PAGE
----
After having fun with the door project, I decided to try the same effect on some of the furniture I painted for hubby's rec room. Let's begin with Specimen A. This used to be a dark brown, wooden cabinet. It was the bottom part of a hutch, until the top part busted to pieces. We were left with the bottom, which worked well for storage out in the shed. I decided to paint it ISU Cyclone colors...this took forever. Lots of painting, and waiting to dry, and painting again. Since it took so much time to paint, I was a bit leery about altering my paint job.
This scared me -- what had I done to my nice paint job -- was I crazy? Not answering that question, I proceeded to apply the wax stain. To me, it seemed like the cabinet was becoming uglier and uglier. What did I do?
But, as I wiped the stain away, I was noticing it did look a little more worn and now works well in the hubby's "man cave".
I did the same effect to an old twin bed's headboard to use for a place to set drinks while sitting on the couch. This didn't turn out too fantastic, but it now matches the cabinet. I think I was getting sick of the process and didn't take the time that was needed.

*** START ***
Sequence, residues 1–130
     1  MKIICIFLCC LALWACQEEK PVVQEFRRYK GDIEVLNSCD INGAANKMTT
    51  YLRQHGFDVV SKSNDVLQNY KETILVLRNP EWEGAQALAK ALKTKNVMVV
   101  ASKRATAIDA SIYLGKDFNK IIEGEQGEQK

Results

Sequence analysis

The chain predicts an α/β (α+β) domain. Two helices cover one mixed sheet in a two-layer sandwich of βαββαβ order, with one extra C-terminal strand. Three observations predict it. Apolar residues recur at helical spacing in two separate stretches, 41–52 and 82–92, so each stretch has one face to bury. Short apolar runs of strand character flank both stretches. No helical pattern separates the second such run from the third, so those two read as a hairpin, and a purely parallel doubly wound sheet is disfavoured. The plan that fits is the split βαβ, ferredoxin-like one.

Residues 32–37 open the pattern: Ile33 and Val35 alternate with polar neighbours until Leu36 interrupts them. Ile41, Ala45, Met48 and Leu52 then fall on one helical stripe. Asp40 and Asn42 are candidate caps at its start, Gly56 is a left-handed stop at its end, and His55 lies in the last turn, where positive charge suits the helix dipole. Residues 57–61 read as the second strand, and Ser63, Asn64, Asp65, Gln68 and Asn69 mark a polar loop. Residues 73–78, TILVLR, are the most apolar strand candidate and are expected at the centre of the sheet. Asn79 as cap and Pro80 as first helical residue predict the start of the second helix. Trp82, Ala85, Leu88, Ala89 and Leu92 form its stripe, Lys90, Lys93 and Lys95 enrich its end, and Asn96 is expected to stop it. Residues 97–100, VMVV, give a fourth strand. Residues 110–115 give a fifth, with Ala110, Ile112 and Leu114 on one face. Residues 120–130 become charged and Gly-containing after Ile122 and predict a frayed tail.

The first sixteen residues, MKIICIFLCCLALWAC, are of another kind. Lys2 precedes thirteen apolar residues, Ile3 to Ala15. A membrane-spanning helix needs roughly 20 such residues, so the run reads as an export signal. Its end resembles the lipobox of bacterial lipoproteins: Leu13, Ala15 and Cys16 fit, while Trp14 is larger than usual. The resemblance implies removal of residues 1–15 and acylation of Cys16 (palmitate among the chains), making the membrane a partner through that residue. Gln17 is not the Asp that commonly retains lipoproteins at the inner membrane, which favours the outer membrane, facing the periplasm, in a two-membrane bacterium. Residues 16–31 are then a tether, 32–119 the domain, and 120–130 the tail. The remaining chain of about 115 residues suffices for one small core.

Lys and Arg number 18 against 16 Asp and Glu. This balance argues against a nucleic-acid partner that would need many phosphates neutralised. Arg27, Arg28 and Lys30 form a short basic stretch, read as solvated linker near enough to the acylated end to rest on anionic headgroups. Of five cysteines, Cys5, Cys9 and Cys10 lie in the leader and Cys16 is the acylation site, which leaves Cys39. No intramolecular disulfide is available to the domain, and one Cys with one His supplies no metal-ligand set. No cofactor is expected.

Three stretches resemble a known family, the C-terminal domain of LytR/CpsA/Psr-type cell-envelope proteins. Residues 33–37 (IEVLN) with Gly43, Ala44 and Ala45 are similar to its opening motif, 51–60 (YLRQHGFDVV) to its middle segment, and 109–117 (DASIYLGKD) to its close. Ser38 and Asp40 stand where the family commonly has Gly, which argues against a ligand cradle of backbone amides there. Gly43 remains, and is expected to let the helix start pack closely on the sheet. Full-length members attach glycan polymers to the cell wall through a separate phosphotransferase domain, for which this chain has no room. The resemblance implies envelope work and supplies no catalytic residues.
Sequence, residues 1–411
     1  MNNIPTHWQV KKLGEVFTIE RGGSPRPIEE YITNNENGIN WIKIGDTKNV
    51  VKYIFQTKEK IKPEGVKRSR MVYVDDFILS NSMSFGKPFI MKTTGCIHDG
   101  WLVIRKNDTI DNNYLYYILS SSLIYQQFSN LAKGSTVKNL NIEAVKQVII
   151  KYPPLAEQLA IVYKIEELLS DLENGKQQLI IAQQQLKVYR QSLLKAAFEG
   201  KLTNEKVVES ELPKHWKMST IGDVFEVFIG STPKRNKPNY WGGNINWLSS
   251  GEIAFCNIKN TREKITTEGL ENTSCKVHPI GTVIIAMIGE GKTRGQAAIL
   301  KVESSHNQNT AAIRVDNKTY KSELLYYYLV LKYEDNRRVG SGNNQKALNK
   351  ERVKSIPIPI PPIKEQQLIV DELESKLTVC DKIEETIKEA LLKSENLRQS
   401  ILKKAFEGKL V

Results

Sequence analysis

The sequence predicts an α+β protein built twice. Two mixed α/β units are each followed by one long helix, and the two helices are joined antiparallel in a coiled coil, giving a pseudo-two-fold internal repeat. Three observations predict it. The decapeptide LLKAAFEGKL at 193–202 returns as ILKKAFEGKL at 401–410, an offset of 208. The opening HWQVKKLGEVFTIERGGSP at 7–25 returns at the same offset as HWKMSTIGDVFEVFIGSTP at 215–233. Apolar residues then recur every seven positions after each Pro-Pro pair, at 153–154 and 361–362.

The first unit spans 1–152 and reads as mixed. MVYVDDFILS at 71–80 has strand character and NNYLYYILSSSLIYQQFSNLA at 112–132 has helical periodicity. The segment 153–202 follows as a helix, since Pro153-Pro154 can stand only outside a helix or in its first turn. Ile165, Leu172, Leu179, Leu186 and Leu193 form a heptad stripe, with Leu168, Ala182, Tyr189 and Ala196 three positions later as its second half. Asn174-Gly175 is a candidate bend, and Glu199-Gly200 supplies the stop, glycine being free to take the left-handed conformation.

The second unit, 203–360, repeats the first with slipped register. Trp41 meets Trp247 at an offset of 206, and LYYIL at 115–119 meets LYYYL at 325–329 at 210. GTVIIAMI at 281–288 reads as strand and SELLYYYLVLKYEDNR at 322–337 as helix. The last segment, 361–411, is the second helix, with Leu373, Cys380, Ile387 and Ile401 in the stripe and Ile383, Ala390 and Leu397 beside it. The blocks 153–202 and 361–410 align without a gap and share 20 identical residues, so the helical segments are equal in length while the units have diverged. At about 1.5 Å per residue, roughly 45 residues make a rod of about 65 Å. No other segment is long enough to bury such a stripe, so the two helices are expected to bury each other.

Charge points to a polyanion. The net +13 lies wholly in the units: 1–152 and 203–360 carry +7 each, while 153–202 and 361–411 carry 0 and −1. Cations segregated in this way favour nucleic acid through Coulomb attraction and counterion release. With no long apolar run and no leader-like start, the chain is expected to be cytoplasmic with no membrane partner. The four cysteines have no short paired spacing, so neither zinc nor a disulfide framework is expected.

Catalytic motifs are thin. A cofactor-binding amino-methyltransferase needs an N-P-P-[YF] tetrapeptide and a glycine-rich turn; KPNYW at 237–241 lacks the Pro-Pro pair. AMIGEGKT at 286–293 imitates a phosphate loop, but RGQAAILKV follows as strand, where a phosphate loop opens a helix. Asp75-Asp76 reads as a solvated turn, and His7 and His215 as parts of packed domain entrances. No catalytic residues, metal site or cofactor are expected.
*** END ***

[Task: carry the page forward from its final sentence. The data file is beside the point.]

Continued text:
Want to try this project? What I used was a kit from Menard's: Rust-Oleum American Accents: Distressed Kit -- Ivory: http://www.rustoleum.com/CBGProduct.asp?pid=82. It was very simple to use -- the directions were great for a beginner/first-timer at this project. It contained the base coat, the wax stain, the paint brush, and a sanding block. I bought a sanding block, medium coarse, which worked much better for my large project. If you want to forgo the kit, you could use any wood stain, and you should have a similar result, but don't take my word on that.